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This web page shows only a small excerpt of our Welch research. Another 257 words(18 lines of text) covering the years 1170, 1606, 1615, 1618, 1688, 1604, 1580, 1654, 1618 and 1688 are included under the topic Early Welch History in all our PDF Extended History products.

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Another 97 words(7 lines of text) are included under the topic Early Welch Notables in all our PDF Extended History products.

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Ireland experienced a dramatic decrease in its population during the 19th century. This was in a great measure, a response to England's imperialistic policies. Hunger and disease took the lives of many Irish people and many more chose to leave their homeland to escape the horrific conditions. North America with its promise of work, freedom, and land was an extremely popular destination for Irish families. For those families that survived the journey, all three of these things were often attained through much hard work and perseverance. Research into early immigration and passenger lists revealed many immigrants bearing the name Welch:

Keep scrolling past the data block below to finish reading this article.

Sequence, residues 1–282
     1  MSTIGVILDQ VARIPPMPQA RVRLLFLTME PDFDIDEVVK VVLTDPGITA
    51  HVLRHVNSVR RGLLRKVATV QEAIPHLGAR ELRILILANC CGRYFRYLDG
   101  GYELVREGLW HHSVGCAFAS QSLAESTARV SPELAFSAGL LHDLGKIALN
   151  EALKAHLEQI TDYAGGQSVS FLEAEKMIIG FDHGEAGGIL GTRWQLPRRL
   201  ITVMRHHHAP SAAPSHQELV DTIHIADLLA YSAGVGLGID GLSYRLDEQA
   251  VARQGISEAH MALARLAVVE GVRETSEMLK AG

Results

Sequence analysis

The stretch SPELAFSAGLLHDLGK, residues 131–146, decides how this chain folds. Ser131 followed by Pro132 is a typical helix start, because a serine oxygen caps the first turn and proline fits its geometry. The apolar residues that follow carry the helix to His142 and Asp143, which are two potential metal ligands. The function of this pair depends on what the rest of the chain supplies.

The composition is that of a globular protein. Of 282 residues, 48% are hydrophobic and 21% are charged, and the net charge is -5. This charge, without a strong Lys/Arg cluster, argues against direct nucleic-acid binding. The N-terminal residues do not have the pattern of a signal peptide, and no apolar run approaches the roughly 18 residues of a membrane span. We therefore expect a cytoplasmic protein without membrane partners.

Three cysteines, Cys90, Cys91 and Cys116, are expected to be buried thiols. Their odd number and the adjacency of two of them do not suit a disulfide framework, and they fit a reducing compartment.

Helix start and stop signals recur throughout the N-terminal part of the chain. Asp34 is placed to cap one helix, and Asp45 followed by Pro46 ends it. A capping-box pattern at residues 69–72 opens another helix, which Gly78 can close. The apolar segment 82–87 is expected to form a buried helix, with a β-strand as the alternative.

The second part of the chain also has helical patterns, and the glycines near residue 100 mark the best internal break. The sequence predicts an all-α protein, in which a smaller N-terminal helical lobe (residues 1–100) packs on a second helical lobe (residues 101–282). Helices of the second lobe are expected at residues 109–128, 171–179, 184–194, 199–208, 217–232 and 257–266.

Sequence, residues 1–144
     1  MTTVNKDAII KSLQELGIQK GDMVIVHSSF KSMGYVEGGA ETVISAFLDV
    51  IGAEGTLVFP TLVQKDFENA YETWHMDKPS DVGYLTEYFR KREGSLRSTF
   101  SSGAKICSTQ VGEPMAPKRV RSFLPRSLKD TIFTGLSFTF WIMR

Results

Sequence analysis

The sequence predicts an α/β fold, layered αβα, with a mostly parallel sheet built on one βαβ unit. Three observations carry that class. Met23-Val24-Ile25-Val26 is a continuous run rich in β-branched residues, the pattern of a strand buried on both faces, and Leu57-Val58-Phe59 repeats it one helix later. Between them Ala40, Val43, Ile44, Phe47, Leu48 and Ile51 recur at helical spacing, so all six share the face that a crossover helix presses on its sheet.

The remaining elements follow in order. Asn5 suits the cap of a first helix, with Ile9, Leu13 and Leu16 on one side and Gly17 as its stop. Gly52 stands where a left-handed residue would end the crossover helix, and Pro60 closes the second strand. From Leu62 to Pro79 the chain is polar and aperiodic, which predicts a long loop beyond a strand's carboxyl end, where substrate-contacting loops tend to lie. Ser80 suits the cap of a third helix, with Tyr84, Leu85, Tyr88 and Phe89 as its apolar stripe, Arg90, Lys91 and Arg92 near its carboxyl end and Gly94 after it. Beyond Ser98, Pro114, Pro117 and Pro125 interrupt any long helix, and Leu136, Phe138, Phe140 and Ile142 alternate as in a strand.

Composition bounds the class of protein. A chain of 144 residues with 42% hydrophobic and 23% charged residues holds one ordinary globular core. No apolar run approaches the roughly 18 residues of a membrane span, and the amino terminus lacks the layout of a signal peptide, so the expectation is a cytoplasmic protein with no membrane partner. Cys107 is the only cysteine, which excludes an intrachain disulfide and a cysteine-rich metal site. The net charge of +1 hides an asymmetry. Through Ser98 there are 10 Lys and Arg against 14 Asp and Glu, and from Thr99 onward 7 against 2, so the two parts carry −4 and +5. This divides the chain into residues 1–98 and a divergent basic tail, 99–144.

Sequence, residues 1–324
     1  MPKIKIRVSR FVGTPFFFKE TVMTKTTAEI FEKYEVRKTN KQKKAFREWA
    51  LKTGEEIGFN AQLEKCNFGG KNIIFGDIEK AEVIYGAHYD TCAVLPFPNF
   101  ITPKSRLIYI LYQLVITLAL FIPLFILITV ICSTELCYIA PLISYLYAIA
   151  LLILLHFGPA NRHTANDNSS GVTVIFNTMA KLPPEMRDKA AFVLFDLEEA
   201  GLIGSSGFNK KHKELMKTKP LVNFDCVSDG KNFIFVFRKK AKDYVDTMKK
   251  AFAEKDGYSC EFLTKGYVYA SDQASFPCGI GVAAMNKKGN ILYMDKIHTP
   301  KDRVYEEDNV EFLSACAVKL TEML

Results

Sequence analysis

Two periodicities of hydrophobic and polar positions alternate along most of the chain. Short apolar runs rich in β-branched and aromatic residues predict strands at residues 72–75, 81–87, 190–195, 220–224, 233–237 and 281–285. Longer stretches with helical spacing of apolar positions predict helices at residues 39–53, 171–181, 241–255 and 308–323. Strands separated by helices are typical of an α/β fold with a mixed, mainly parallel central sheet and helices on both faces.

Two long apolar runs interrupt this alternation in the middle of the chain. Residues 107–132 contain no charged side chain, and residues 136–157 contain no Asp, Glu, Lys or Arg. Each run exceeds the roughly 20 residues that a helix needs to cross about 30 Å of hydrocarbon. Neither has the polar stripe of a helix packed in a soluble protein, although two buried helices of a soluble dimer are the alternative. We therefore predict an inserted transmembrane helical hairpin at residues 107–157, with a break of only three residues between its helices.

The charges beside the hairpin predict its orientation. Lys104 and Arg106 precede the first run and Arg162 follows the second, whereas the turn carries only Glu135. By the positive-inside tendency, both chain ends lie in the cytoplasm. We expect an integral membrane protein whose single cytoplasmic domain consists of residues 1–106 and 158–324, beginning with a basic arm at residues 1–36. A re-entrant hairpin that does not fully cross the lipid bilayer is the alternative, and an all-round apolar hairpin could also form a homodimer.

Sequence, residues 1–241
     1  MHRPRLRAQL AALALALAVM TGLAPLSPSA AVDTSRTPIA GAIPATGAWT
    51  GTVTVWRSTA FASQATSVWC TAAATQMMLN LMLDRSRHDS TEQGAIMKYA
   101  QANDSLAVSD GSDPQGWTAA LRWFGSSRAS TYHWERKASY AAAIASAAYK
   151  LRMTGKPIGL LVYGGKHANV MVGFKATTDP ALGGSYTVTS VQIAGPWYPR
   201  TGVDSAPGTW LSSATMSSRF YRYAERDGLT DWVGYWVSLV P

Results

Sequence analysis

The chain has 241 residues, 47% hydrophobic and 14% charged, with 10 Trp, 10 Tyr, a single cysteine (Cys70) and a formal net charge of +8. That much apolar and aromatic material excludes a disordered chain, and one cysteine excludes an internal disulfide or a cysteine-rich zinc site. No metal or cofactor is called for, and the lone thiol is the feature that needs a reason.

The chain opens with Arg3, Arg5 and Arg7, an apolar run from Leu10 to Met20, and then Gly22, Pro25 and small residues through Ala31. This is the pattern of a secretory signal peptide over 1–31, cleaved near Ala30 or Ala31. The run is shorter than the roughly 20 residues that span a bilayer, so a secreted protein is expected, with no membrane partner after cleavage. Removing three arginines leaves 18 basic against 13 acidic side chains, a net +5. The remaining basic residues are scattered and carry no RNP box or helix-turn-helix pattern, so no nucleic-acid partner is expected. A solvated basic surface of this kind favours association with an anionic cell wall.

Welch Settlers in the United States in the 17th Century


  • Mary Welch, who landed in Virginia in 1637
  • Morgan Welch, who arrived in Virginia in 1638
  • Nicholas Welch, who landed in Virginia in 1638
  • Daniell Welch, who landed in Virginia in 1638
  • Gilbert Welch, who landed in Virginia in 1650


Welch Settlers in the United States in the 18th Century


  • Jone Welch, who arrived in Virginia in 1704
  • Reuben Welch, who landed in Virginia in 1719
  • Jacob Welch, aged 21, landed in Pennsylvania in 1737
  • Hans Martin Welch, who arrived in Pennsylvania in 1738
  • Peter Welch, who landed in Pennsylvania in 1742


Welch Settlers in the United States in the 19th Century


  • Nally Welch, aged 31, arrived in New York, NY in 1803
  • Edmond Welch, aged 47, landed in Tennessee in 1812
  • Abraham Welch, who arrived in New York in 1834